A tailor made concept for improvement of QA practices that allows clients to reap the full benefits of best in class practices.
Hunting for bugs? Too late! Proper QA is not about the hunt for bugs; it’s an integral and critical part of product development. Done properly, it starts with requirements verification and doesn’t end. Good QA introduces critical skills and experience to the process of software development to vouchsafe improving standards.
QA has the potential to save time, mistakes, reputation and frustration. In other words: a whole lot of money. Intelligent use of QA brings a rapid return on investment by allowing better control of technical debt. Suboptimal processes create technical debt. Like all debt, this has to be paid back. The later the payment is made, the more expensive it is. The costs of suboptimal processes start immediately and have a disappointingly long life; sometimes infinite.
And what about ‘team spirit?’ Working in a team that is ahead of the curve and has a handle on the critical aspects of production increases retention, employee satisfaction and thereby productivity.
An audit of existing processes to highlight areas needing improvement, resulting in a detailed, doable road map to address issues. Typically this will entail a site visit and a structured consultative dialog with key stakeholders. It is absolutely feasible to conduct this remotely. Follow up is usually a curated process of change management with on-going status monitoring to catch and remedy deviations.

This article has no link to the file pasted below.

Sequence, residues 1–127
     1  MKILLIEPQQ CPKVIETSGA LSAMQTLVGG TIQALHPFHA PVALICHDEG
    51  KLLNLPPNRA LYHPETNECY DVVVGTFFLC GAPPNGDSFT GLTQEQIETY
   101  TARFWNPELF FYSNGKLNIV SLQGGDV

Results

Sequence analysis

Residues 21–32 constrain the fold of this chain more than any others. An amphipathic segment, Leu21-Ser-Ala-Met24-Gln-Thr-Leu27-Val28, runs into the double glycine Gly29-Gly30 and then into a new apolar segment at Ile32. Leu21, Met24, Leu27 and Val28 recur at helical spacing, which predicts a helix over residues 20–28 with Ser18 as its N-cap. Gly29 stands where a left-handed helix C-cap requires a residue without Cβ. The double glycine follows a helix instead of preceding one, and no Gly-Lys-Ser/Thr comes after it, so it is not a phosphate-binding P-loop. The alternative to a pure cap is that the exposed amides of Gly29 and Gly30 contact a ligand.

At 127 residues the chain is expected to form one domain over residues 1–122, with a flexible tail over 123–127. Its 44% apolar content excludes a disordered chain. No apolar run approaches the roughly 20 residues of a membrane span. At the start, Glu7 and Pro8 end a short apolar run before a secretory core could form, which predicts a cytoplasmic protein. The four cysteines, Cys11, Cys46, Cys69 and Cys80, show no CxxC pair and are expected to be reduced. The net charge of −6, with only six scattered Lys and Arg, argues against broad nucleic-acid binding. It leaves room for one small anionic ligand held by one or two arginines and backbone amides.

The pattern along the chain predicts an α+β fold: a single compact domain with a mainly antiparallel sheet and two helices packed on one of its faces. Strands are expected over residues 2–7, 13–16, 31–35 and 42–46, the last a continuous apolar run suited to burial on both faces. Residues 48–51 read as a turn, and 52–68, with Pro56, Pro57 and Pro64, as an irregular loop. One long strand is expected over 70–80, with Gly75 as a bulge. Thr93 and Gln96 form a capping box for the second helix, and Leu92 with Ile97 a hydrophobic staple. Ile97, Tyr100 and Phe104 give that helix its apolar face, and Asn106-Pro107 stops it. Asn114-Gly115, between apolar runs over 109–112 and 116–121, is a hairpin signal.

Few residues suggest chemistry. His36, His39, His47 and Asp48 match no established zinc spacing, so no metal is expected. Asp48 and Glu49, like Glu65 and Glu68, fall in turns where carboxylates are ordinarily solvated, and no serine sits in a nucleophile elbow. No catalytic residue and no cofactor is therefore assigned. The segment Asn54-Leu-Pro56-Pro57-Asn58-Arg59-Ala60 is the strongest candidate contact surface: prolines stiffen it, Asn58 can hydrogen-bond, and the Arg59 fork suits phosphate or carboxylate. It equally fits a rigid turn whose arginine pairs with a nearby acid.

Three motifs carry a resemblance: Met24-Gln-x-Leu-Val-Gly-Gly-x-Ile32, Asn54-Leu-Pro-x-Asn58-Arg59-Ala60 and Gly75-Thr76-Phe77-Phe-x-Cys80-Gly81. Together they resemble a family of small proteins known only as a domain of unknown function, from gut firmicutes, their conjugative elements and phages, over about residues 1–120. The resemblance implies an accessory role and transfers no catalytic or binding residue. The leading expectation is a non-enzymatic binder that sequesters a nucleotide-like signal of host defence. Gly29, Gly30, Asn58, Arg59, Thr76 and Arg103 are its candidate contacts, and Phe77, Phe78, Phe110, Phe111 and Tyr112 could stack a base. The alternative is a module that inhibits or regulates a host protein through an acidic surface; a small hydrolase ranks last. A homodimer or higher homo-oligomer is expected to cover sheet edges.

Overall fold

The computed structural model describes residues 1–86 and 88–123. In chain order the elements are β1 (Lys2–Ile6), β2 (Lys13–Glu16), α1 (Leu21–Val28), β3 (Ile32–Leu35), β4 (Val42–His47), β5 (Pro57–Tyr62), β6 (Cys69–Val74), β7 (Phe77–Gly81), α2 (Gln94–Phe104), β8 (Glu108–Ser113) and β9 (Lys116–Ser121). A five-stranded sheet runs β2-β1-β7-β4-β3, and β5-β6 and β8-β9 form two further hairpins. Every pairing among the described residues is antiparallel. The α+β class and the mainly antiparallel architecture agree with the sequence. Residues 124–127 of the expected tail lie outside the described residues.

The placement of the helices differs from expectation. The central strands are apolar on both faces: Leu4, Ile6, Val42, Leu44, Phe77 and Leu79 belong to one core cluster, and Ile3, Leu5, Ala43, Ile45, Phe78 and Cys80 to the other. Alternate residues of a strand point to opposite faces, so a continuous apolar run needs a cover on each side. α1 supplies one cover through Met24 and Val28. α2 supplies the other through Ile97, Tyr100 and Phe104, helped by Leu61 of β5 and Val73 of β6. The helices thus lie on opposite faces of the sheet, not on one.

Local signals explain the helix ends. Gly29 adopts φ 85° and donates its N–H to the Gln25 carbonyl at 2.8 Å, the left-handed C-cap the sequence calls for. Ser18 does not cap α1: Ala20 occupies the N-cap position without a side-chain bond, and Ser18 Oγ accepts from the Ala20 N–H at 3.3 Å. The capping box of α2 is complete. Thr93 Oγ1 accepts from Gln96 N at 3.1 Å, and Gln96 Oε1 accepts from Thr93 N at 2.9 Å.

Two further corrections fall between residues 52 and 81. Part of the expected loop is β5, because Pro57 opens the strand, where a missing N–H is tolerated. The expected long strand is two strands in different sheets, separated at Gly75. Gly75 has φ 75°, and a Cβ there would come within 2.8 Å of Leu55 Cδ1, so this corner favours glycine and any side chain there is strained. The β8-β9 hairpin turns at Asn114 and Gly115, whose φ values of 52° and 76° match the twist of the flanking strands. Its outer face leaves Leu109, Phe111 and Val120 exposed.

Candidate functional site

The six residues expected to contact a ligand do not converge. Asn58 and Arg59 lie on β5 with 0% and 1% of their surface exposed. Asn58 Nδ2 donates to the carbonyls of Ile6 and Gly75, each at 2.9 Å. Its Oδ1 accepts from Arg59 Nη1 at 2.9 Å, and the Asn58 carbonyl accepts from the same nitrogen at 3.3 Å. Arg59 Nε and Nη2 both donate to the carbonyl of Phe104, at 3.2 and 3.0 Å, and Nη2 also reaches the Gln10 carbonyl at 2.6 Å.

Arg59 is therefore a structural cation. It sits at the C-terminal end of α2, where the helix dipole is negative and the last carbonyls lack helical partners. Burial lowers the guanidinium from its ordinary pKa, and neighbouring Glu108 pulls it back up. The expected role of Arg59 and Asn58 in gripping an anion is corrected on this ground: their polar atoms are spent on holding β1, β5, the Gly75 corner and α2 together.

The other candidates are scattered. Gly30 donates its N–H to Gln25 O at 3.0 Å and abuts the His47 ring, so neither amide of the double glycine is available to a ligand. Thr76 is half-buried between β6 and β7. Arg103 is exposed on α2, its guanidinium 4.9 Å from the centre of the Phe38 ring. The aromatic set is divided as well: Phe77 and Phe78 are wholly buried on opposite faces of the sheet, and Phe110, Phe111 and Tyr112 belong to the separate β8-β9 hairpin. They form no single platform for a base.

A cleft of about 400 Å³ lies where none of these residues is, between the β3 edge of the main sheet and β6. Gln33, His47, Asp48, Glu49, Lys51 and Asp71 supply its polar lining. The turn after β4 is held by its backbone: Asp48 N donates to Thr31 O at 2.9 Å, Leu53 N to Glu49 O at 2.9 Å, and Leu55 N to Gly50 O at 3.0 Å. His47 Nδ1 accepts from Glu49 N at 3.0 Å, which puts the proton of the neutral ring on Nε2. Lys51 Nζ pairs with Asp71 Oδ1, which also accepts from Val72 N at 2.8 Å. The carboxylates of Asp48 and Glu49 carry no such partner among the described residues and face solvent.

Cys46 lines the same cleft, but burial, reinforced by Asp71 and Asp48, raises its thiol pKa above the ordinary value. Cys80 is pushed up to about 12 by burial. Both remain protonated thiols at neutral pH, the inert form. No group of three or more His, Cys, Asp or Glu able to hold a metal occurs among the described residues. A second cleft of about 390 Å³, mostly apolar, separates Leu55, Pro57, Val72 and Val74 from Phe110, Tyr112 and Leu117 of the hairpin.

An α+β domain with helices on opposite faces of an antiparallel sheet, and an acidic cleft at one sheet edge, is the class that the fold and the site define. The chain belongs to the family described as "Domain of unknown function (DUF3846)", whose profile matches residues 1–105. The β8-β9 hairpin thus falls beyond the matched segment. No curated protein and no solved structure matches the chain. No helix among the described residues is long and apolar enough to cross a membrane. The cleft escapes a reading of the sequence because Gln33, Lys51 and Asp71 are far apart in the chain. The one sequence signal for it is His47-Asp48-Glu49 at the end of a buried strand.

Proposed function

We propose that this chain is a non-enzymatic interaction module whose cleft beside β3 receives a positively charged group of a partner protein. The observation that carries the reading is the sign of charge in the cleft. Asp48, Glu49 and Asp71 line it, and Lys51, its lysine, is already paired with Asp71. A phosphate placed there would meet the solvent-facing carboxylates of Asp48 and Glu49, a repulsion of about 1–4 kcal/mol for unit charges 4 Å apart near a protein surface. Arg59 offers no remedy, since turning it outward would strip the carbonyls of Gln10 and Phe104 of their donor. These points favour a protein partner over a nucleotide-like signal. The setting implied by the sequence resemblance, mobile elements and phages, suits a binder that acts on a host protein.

Paradoxical though it may sound, the goal is not to eliminate bugs. This is not an option. The goal is to create a durable system: one that will produce the highest possible quality of coding on a daily basis, and work relentlessly on improving this. This is what good QA is for. The more deliberate your decisions during the process, the higher the likelihood that deployed coding will correspond to requirements. This is Quality.
To quote a client:
“We did not realize that a QA (Quality Assurance) could become a link throughout the entire development process. Our Ukrainian team lead gave us this input. We followed his recommendation and added a QA to the team, which we have not regretted for one second. A QA is not just a tester, but is involved from the beginning of the development process. The developers often think about how the solution can be coded, whereas the QA asks the important and relevant product-related questions. Our QA is also interested in usability and design, so she coordinates the communication and all material to the designer. It is our way of ensuring the quality from the beginning of the project.”
Kenneth Jensen, Head of Development at Flexybox.
Drop me a line at email@example.com or give me a quick call on +49 152 345 20 507
Regional Sales Director, UK and Germany